Home and Go Away Again

I spent a surprising amount of my first year in Albania trying to find a permanent place to live.

I’ve written before about how I used to be a lousy house guest and how I eventually had to move out of my host family’s apartment. Granted, this was something I’d hoped to do in the long run but it happened all of a sudden. Unfortunately, it also happened when the dean of the Faculty of Foreign Languages was out of the country–he had a list of places I could stay–and the only people available to help me were Peace Corps staff who had a lot of other volunteers to worry about.

I was originally told I’d be staying in an apartment owned by a widow. As I understood it, she’d move in with family and I’d get the apartment. It was an okay place, but kind of hidden in a maze of streets. When I arrived with my stuff, she was there and I was told I couldn’t move in then. I was basically homeless with all my stuff in boxes around me.

Luckily, a pair of fellow expatriates took me in “for a short time”. Unfortunately for them, both the Peace Corps and I dragged our feet to get me out. This was surprising because we weren’t, technically, supposed to live with fellow expats.

Eventually, right around the start of winter, at the suggestion of yet another fellow expat, I moved into a house with an older woman who never seemed to smile much, her daughter, who didn’t seem to talk much, and their other boarder, a cute young Albanian woman who was the only friendly one in the house. I lived there over the winter, which was a mixed blessing.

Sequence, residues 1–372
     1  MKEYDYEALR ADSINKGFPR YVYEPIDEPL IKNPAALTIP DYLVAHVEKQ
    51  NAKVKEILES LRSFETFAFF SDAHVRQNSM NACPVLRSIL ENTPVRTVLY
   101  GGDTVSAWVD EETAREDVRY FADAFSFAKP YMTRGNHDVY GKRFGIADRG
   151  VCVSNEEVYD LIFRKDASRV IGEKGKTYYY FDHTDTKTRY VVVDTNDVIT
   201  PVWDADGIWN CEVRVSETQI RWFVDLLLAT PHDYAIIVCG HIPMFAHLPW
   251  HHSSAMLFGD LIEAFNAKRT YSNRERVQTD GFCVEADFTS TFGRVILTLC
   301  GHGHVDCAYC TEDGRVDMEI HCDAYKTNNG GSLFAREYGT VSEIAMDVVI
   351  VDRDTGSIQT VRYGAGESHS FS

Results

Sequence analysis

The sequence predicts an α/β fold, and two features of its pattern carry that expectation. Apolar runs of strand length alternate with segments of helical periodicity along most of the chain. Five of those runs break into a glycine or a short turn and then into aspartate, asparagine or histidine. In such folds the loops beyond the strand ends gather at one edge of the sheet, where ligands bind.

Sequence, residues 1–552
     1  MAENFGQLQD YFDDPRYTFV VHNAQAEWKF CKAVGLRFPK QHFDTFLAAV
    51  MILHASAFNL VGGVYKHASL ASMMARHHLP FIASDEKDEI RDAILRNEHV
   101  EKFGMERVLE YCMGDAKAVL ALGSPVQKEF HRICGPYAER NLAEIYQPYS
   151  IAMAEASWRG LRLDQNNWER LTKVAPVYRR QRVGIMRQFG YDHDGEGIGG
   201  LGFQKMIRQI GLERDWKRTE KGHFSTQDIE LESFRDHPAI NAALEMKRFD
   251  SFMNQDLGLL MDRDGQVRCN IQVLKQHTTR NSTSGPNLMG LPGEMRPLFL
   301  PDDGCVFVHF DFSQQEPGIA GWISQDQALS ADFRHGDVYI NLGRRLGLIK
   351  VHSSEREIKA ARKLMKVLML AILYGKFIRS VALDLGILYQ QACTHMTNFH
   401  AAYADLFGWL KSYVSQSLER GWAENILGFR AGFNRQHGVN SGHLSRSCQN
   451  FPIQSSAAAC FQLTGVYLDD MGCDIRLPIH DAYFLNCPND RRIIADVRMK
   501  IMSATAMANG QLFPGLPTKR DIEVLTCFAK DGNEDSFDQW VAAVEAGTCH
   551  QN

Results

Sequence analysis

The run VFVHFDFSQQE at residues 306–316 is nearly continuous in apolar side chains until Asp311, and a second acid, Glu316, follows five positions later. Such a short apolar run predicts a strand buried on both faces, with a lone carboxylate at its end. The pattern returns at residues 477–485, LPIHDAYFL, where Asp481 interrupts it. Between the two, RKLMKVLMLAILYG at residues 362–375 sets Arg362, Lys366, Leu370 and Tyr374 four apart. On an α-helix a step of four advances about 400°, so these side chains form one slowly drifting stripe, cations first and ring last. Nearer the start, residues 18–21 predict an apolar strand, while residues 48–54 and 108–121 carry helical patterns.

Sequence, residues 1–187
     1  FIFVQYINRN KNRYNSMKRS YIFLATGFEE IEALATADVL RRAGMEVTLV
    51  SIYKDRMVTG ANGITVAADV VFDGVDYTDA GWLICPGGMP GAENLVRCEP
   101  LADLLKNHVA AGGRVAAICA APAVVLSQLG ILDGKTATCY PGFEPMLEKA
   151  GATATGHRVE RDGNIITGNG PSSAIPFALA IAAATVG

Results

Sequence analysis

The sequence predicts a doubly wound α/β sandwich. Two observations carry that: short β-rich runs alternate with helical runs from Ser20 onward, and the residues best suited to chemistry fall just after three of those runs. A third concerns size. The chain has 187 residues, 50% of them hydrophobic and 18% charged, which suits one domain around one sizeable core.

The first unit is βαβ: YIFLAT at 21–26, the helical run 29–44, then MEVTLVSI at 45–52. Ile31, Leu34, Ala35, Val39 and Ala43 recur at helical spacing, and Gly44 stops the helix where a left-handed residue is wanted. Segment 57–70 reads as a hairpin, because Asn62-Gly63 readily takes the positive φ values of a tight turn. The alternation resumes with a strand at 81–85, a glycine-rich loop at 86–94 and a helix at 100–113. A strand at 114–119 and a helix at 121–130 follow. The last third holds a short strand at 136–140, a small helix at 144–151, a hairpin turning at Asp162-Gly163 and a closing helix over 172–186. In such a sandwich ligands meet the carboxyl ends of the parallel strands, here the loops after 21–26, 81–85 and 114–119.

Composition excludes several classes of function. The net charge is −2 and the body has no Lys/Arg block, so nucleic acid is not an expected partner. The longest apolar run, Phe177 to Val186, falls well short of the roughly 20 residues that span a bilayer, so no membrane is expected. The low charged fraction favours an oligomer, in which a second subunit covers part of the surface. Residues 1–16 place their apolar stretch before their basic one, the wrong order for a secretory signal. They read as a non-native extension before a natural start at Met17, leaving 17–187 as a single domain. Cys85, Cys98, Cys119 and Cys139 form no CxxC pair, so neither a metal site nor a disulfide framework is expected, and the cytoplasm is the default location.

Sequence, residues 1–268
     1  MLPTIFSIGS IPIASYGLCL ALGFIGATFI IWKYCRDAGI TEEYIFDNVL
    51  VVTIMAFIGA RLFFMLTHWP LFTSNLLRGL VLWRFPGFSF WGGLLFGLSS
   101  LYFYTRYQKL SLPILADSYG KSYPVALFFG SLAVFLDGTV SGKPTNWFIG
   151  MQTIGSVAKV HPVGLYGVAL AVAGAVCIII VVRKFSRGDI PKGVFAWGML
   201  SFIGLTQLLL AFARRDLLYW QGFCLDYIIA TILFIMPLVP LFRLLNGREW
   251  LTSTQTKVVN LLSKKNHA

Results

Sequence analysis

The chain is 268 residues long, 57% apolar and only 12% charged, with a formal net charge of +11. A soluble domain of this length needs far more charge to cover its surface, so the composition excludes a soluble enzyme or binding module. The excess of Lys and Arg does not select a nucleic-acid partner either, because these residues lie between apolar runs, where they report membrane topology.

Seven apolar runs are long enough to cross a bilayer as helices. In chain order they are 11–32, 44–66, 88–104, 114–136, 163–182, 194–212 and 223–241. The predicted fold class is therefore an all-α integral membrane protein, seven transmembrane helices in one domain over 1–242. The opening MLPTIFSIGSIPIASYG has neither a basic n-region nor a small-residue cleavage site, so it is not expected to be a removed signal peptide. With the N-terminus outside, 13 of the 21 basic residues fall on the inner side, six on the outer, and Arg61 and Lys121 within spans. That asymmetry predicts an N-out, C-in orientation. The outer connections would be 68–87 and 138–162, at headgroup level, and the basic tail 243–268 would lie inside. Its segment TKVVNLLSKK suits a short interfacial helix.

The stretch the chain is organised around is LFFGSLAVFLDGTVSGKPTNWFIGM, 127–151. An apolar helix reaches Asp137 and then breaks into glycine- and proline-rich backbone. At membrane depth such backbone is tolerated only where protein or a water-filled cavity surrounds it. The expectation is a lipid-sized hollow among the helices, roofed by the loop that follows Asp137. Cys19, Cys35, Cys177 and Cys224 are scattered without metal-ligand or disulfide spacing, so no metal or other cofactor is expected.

My room was one part cave, one part cold storage. I bought a little electric fan eater that took some of the edge off, but we lost power  a lot. The woman started cooking for me, which I hadn’t asked her to do, which would eventually lead to a money argument.

When my dean returned from overseas, he quickly found me a permanent place to stay. I found another boarder for the woman, which helped solve some of the money argument, especially as the person I found was paying more money than I could.

For a while I was fine, but about the time I got settled in and comfortable, my country director forced me to move cities. Luckily, I found a nice apartment quickly, but it was never quite home.

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